Philip A. Cunningham (editor), Joseph Sievers (editor), Mary C. Boys (editor), Hans Hermann Henrix (editor), Jesper Svartvik (editor)
2011; pp. 334
Co-published by Eerdmans-GBPress
Christ Jesus and the Jewish People Today. New Explorations of Theological Interrelationships explores the historical, biblical, christological, trinitarian, and ecclesiological dimensions of this crucial question: “How might we Christians in our time reaffirm our faith claim that Jesus Christ is the Savior of all humanity, even as we affirm the Jewish people’s covenantal life with God?”. This volume is the result of a transatlantic collaboration among Boston College, Catholic Theological Union, Katholieke Universiteit Leuven, Lund University, Pontifical Gregorian University, and Saint Joseph’s University.
• Mary C. Boys
• Philip A. Cunningham
• Tamara Cohn Eskenazi
• Adam Gregerman
• Elizabeth Groppe
• Daniel J. Harrington
• Hanspeter Heinz
• Hans Hermann Henrix
• Gregor Maria Hoff
• Walter Cardinal Kasper
• Edward Kessler
• Ruth Langer
• Barbara U. Meyer
• Thomas J. Norris
• John T. Pawlikowski
• Didier Pollefeyt
• Christian Rutishauser
• Marc Saperstein
• Joseph Sievers
• Jesper Svartvik
• Liam Tracey
Alan Brill — Seton Hall University
"This book opens up new vistas after forty-five years of Catholic-Jewish reconciliation. Not comfortable with resting on prior accomplishments, this work is a bold step forward in Catholic searching for a closer theological bond to Judaism without giving up the differences between the two faiths. . . . Offers the cutting edge of Christian theological views of Judaism."
Peter A. Pettit — Institute for Jewish-Christian Understanding, Muhlenberg College
"Stunning in its scope, erudition, and creativity, this work is without parallel or peer. . . . A watershed contribution to a new era in the Jewish-Christian encounter, as both communities increasingly take decades of dialogue experience back into their own theological workshops and strive to fashion a more adequate account of God's work among us."
On October 28, 1965, Pope Paul VI promulgated one of the most influential documents of the Second Vatican Council: the Declaration on the Relationship of the Church to Non-Christian Religions, Nostra Aetate. Although in the course of its composition the declaration had been expanded to discuss all religions of the world, its original subject — the unique relationship of the Catholic Church to Judaism and the Jewish people — remained at the heart of the final document. By repudiating the presentation of Jews “as rejected or accursed by God” and by insisting that “God holds the Jews most dear,” Nostra Aetate reversed previously unchallenged presuppositions that had shaped Christian attitudes and theologies for centuries. It thus paved the way for an unprecedented era of increasingly positive relations between Catholics and Jews.
Forty years later, in September 2005, hundreds of scholars from dozens of countries gathered at the Pontifical Gregorian University in Rome to consider the impact of Nostra Aetate on interreligious relations. In terms of Catholic-Jewish relations, many crucial developments had occurred in the intervening four decades. . . . The papers and discussions at that event made it clear that the conciliar declaration had given rise to challenging and still unresolved theological questions. Foremost among these questions were those concerning the relationships among Jesus Christ, the covenantal status of the Jewish people, and understandings of salvation. . . . As our consultations unfolded, it gradually became clear that our thinking was converging on a number of basic principles. For the most part, these perspectives informed the composition of this volume, and readers will perceive them throughout the pages that follow. — from the introduction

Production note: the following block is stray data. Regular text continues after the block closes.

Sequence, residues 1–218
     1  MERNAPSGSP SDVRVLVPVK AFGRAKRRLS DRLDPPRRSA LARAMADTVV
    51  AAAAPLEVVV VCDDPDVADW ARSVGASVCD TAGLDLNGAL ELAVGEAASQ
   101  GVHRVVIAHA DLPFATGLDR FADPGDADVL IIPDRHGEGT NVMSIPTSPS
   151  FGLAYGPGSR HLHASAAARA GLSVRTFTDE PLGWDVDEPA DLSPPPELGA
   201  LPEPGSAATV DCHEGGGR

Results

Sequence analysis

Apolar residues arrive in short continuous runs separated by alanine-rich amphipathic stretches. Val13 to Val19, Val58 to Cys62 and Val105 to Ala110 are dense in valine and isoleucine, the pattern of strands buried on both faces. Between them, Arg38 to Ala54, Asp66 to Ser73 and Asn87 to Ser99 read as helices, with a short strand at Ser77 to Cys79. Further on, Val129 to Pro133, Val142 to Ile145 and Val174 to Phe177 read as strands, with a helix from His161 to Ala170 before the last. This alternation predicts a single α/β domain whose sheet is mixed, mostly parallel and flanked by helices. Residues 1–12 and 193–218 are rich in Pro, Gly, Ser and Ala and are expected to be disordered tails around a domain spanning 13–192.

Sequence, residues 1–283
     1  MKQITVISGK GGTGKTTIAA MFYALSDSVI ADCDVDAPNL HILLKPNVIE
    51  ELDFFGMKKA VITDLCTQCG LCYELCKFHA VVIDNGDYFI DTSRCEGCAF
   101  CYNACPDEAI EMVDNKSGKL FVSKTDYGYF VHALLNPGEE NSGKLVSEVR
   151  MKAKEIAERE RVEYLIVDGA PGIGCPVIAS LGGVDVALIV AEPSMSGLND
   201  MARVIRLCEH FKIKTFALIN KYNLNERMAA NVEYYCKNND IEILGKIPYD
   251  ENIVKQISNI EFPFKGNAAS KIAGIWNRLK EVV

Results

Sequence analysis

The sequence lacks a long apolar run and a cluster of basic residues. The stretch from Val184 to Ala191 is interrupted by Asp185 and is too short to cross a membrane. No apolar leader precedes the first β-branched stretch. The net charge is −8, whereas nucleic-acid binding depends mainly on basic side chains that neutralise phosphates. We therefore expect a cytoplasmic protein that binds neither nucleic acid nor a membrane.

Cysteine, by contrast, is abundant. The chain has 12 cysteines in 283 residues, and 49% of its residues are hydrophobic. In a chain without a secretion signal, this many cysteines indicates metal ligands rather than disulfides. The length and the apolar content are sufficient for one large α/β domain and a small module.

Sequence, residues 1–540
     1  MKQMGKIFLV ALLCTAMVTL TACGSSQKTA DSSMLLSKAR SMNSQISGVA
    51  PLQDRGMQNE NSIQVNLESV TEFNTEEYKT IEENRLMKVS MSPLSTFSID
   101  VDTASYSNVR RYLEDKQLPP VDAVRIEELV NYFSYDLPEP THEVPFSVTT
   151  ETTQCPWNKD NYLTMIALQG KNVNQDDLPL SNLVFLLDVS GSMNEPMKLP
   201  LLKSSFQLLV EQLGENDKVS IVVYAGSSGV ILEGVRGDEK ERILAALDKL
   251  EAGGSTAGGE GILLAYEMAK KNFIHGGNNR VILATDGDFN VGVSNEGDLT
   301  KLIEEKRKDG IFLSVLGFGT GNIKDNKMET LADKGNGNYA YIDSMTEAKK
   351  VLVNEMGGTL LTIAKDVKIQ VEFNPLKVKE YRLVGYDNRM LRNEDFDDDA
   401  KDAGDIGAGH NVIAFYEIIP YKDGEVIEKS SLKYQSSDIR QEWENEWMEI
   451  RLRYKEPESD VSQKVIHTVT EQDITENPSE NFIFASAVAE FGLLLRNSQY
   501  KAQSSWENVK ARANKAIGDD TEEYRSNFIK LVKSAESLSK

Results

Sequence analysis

Table of contents
Foreword, by Walter Cardinal Kasper
Introduction, The Editors
“Your Privilege: You Have Jewish Friends”: Michael Signer’s Hermeneutics of Friendship
Historical Memory and Christian-Jewish Relations
John T. Pawlikowski
Facing History: The Church and Its Teaching on the Death of Jesus
Mary C. Boys
A Jewish Response to John T. Pawlikowski and Mary C. Boys
Reading the Epistle to the Hebrews Without Presupposing Supersessionism
The Gradual Emergence of the Church and the Parting of the Ways
Daniel J. Harrington, S.J.
Revisiting Our Pasts and Our Paths: A Jewish Response to Jesper Svartvik and Daniel Harrington
Tamara Cohn Eskenazi
The Son of God Became Human as a Jew: Implications of the Jewishness of Jesus for Christology
Hans Hermann Henrix
The Dogmatic Significance of Christ Being Jewish
Barbara U. Meyer
A Jewish Response to Hans Hermann Henrix and Barbara Meyer
The Tri-Unity of God and the Fractures of Human History
The Triune One, the Incarnate Logos, and Israel's Covenantal Life
Philip A. Cunningham and Didier Pollefeyt
A Realm of Differences: The Meaning of Jewish Monotheism for Christology and Trinitarian Theology
Gregor Maria Hoff
A Jewish Response to Elizabeth Groppe, Philip A. Cunningham and Didier Pollefeyt, and Gregor Maria Hoff
"The Old Unrevoked Covenant" and "Salvation for All Nations in Christ": Catholic Doctrines in Contradiction?
Christian Rutishauser, S.J.
The Jewish People at Vatican II: The Drama of a Development in Ecclesiology and Its Subsequent Reception in Ireland and Britain
Thomas J. Norris
The Affirmation of Jewish Covenantal Vitality and the Church's Liturgical Life
Liam Tracey, O.S.M.
Exploring the Interface of Dialogue and Theology: A Jewish Response to Christian Rutishauser, Thomas Norris, and Liam Tracey